04 March 2017

The Swedish Aquamarine Kokoshnik

Princess Madeleine of Sweden wears the Aquamarine Kokoshnik
(Pascal Le Segretain/Getty Images)

March is the month of the aquamarine, and we'll be celebrating some of the grandest royal aquamarine tiaras each Saturday this month. We're kicking things off with one of my very favorites: the aquamarine kokoshnik owned by Sweden's Princess Margaretha.




Princess Madeleine of Sweden wears the tiara at the 2015 Nobel Prize Ceremony
(Pascal Le Segretain/Getty Images)

It's said that this tiara originally belonged to Margaretha's grandmother, Margaret of Connaught, who was the first wife of King Gustaf VI Adolf of Sweden. The tiara also has a coordinating aquamarine and diamond brooch. The set was supposedly a later addition to Margaret's jewelry collection, not one of her wedding gifts. The maker of the tiara is unknown, although I see similarities in the diadem to pieces made by Koch, a German court jeweler. Both the tiara and the brooch feature absolutely enormous aquamarines; the tiara places delicate lattice-like diamond elements in between the large blue stones to form the traditional kokoshnik shape.


Princess Sibylla wears the tiara at her pre-wedding gala in 1932
(Wikimedia Commons)

We're probably all familiar with the tragic story of Margaret of Connaught's death, which led to the division of her jewels among her children. If this piece was indeed a part of her collection, it was inherited by her eldest son, Gustaf Adolf, who was expected one day to become king. His wife, Princess Sibylla of Saxe-Coburg and Gotha, debuted the tiara at a ball ahead of their civil wedding in Coburg in 1932. Sibylla wore the aquamarines throughout her lifetime, even after the untimely death of her husband in a 1947 plane crash. She was the de facto first lady of Sweden following the death of Queen Louise, and she was regularly bedecked in jewels.



When Princess Sibylla died in 1972, the aquamarines were inherited by her eldest daughter, Princess Margaretha. She had worn the tiara even before Sibylla's death; above, you can see her wearing the tiara in 1964. As a young woman, Margaretha wore the tiara on many occasions, including at the wedding of her youngest sister, Princess Christina, in 1974. Margaretha’s daughter, named Sibylla for her grandmother, also wore the heirloom tiara for her own wedding to Baron Cornelius von Dincklage in 1998.


Princess Margaretha wears the tiara at the wedding of Crown Princess Victoria in 2010
(Pascal Le Segretain/Getty Images)

After the 1998 wedding, there was a long stretch of time where the aquamarines were not seen in public. Many feared that they had been sold. And then, in June 2010, Princess Margaretha unexpectedly appeared at the wedding of her niece, Crown Princess Victoria, wearing both the aquamarine tiara and the coordinating brooch.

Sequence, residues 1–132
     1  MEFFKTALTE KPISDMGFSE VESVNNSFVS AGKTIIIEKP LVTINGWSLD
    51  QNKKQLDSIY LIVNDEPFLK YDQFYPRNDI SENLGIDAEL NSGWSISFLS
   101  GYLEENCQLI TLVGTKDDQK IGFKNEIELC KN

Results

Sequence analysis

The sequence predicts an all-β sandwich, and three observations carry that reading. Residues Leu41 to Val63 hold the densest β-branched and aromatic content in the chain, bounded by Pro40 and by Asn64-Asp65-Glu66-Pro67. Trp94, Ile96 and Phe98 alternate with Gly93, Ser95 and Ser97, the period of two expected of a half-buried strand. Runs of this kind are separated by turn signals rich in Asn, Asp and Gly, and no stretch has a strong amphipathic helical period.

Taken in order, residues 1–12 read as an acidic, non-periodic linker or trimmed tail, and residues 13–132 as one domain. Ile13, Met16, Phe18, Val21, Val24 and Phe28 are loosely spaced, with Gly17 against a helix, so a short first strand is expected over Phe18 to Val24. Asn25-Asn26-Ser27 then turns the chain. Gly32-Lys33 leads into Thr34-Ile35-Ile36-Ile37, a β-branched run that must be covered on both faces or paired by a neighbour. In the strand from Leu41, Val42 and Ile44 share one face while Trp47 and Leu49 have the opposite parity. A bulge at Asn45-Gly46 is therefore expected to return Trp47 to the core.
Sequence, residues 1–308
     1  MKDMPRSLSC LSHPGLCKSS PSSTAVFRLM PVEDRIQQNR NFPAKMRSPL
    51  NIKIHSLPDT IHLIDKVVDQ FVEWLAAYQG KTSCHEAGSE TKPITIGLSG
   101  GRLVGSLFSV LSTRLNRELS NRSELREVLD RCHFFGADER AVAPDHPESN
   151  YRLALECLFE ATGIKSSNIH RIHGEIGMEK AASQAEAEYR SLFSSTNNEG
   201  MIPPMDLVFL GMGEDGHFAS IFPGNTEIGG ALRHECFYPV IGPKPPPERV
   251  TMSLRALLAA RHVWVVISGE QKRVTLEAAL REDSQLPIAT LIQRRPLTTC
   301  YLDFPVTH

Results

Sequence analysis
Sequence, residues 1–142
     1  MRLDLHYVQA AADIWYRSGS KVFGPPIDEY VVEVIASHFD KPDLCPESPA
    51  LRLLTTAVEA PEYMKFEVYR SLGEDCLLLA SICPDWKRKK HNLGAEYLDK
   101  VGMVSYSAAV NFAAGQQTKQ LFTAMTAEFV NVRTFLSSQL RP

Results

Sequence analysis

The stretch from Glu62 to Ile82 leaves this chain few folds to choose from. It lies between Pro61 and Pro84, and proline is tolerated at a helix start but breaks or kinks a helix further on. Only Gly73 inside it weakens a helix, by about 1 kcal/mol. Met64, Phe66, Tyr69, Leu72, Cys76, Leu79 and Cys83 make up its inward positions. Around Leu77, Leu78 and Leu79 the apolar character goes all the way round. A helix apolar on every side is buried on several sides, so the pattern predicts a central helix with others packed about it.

The tiara was apparently a last-minute choice for Victoria's wedding; in the press release sent out by the royal court detailing the history of the jewels worn by the king’s sister, Margaretha was noted as wearing the Baden Fringe Tiara. (She did eventually wear the fringe at a Swedish royal wedding -- Princess Madeleine’s nuptials in 2013.) There were persistent rumors, however, the the tiara was sold -- and that the buyer was Margaretha's brother, the king. This theory was bolstered in 2014 when her sister, Princess Christina, wore the tiara at the representatives' dinner in Stockholm.


Princess Margaretha wears the tiara and brooch at the wedding of Prince Carl Philip in 2015
(Ian Gavan/Getty Images)

However, Princess Christina has said publicly that Margaretha does still own the tiara but now keeps it in the vaults in Sweden with the rest of the Bernadotte jewels, where the rest of the members of the family have access to it. As Margaretha lives a quiet life in the English countryside, it certainly makes much more sense for other members of the family to get more use out of the piece. Margaretha only wears gala jewels these days when she visits Sweden, so the tiara is there for her to use when she wants, as she did for Prince Carl Philip's wedding in June 2015.


Princess Madeleine wears the tiara at the 2015 Nobel Prize Ceremony
(Pascal Le Segretain/Getty Images)

And Princess Madeleine has done just that: since December 2015, she has worn her aunt's tiara at the Nobel Prize ceremony, at a tea party for sick children, in an official portrait, and for a state banquet.

Note: This is an updated version of an earlier post, with new text and images.